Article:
WELLINGTON COUNTY – Stress, isolation, job losses and exhausted relationships during the COVID-19 pandemic has led to an increase in mental health calls for the Waterloo Wellington Integrated Mobile Police and Crisis Team (IMPACT).
A partnership between policing agencies and the Canadian Mental Health Association Waterloo Wellington, the IMPACT started locally in 2015, supplementing Wellington OPP responses to mental health calls.
Trained clinicians with backgrounds in social services and nursing respond from OPP detachments to “live” calls where police have requested an IMPACT member to attend a scene or follow up with referrals from police after a call.
Jeff Stanlick, regional director for the program, said there’s been a 20 per cent increase in overall calls for service and a 25% increase in direct visits with police, compared to pre-pandemic.
“People now have more complicated presentations as well,” he said, resulting from isolation and loneliness.
“We’re seeing more complicating factors and it could be an increase in substance use, family conflict and just general stress that is compounded with multiple factors.”
A June 2021 report for the county’s police services board read: “We noticed a lot more calls from parents struggling with their children’s behaviour, as well as teens struggling with school stress and isolation, no doubt related to the current COVID situation.”
Between September 2020 and February 2021 there were 370 unique persons helped by IMPACT – a 52.8% increase over the same period a year before, with an additional 128 individuals served.
Recent research has found declines in mental health during the pandemic, according to a CMHA 2020 Resilience Impact Report, with a rise in suicidal thoughts, especially with those already struggling with mental health.
Anita Matthews is one of four IMPACT clinicians who has been responding to mental health calls throughout Wellington County and Guelph during the pandemic.
“We’re certainly seeing acute COVID-related stress,” Matthews said.
“We’re seeing kids who aren’t attending school, so they don’t have the usual social supports that they’re used to having; there are more domestics, more substance-related issues and more parent-child conflict or parenting conflicts happening.”
On scene, Matthews will complete a mental health assessment to try and get a handle on what’s going on, running through a series of questions.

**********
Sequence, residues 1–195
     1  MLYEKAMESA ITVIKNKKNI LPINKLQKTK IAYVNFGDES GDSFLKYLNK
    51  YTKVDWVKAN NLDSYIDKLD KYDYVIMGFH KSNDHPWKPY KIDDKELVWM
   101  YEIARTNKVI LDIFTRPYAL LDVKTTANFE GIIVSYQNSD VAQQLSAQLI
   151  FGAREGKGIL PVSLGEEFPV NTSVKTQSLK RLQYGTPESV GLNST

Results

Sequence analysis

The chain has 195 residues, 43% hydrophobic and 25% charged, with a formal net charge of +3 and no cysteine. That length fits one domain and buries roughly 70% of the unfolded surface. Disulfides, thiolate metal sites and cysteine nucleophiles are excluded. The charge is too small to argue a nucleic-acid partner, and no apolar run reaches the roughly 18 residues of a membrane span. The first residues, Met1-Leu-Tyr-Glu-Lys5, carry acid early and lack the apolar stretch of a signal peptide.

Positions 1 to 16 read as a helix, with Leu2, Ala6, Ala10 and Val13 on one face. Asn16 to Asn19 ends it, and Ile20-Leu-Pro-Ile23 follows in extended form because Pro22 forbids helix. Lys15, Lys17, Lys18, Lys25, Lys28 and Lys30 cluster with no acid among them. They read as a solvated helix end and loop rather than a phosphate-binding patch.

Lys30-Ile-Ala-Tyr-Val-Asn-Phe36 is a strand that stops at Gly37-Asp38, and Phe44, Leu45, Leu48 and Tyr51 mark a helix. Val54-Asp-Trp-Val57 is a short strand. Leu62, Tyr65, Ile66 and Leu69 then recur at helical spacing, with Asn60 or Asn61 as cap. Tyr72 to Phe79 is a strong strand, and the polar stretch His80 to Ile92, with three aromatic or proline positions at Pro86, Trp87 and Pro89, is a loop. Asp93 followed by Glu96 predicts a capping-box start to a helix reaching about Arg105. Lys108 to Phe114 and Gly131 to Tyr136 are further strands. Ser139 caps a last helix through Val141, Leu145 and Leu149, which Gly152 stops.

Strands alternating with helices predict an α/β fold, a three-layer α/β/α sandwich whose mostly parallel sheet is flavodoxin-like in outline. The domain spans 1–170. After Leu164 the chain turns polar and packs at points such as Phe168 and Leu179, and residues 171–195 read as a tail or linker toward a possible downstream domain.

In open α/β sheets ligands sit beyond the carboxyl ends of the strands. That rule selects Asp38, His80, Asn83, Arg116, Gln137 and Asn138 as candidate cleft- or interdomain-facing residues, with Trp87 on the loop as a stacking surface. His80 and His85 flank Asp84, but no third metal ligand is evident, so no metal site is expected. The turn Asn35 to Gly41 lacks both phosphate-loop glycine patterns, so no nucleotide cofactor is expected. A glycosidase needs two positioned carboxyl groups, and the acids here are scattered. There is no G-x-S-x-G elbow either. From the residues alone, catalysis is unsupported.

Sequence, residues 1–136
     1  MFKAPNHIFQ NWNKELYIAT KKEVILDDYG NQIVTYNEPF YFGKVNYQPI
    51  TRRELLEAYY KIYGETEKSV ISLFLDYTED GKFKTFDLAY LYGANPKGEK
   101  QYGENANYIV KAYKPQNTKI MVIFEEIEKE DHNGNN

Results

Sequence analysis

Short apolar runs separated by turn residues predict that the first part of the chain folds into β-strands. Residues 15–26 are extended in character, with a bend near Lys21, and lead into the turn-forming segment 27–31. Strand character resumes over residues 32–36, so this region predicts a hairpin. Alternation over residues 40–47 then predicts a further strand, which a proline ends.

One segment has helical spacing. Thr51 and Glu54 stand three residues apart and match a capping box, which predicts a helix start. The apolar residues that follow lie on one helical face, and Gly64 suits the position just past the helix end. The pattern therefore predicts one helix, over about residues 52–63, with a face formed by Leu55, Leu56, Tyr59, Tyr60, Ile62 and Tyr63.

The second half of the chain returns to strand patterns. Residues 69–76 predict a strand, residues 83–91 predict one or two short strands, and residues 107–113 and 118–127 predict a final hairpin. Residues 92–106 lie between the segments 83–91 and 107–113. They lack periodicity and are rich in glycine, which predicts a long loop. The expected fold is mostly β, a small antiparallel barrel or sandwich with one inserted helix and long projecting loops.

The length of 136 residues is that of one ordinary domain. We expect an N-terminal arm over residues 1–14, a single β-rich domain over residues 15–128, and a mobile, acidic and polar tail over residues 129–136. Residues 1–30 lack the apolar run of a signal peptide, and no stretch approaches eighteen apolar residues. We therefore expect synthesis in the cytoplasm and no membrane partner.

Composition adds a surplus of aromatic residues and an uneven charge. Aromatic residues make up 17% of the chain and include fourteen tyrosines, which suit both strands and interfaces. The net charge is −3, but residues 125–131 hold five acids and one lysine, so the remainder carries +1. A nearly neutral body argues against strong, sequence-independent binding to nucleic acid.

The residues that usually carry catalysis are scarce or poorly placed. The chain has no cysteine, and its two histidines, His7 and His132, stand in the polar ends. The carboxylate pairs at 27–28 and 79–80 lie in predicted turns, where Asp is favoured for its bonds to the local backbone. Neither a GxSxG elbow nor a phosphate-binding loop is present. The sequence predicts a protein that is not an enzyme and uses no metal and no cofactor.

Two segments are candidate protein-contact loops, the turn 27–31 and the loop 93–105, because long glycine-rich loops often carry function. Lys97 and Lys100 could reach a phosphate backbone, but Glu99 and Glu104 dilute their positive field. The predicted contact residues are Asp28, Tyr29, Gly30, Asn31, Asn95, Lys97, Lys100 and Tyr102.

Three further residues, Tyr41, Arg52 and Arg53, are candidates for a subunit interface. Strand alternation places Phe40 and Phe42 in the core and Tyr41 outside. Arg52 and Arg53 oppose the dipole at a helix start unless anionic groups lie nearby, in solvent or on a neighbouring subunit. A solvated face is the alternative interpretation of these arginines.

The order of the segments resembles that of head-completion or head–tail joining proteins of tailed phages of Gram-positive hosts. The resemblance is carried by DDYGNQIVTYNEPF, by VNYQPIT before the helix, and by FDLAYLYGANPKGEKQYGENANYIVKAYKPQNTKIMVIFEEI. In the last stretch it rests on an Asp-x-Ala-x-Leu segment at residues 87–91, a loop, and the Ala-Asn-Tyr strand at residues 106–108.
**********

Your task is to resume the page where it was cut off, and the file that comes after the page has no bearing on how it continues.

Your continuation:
What’s the history? Is this person on medication? Do they have a doctor? What needs to happen for safety?
Then she comes up with course of action with police.
“I think we bring our mental health knowledge for sure and I think that we bring a connection to services,” Matthews said of how clinicians differ from police.
“I think we are certainly the kinder, gentler service to be offered.”
She explained, “We’re calling you the next day to say, ‘Gosh, that was horrible yesterday, how you doing today?’ You know, that kind of stuff.
“So, it really is hopefully a kind voice in a really difficult time. We’re pretty aware that we’re talking to people sometimes on the worst day of their life.”
Depending on circumstances, clinicians also prevent unnecessary visits to emergency rooms by diverting those needing help to more appropriate services.
Out of 175 calls with police between April and December of last year, 78.3%, or 137 individuals, were diverted from hospital, according to IMPACT data.
“It’s not helpful in many ways as well to have somebody be brought into hospital when we can de-escalate and support them in another way,” Stanlick explained.
“It’s really about people receiving the right care, at the right time, and from the right service.”
He added it’s unreasonable to expect police to also be clinicians and mental health experts.
“The police need us, and we need the police,” he said.
Matthews agreed, saying police are needed for safety on calls, but she wishes more funding would be routed into health care with much to be desired for better access and lasting supports so police aren’t the default response.
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